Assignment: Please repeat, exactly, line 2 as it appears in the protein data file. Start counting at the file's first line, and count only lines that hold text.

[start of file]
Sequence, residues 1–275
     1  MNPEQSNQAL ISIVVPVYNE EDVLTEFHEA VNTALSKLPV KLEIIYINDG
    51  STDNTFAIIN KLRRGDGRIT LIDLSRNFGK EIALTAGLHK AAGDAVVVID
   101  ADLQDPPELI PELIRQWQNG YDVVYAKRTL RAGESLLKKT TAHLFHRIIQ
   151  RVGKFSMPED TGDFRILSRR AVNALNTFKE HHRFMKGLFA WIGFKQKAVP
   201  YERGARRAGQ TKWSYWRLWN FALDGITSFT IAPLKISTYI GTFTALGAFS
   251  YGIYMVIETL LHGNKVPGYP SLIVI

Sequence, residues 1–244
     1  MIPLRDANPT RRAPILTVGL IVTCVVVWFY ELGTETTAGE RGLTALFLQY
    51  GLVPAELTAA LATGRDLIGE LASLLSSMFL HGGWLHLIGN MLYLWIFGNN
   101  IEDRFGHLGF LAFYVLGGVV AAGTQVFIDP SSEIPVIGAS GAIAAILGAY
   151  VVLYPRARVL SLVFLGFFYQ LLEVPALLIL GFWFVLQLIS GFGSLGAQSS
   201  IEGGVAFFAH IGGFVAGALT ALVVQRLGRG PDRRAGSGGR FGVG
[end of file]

     1  MNPEQSNQAL ISIVVPVYNE EDVLTEFHEA VNTALSKLPV KLEIIYINDG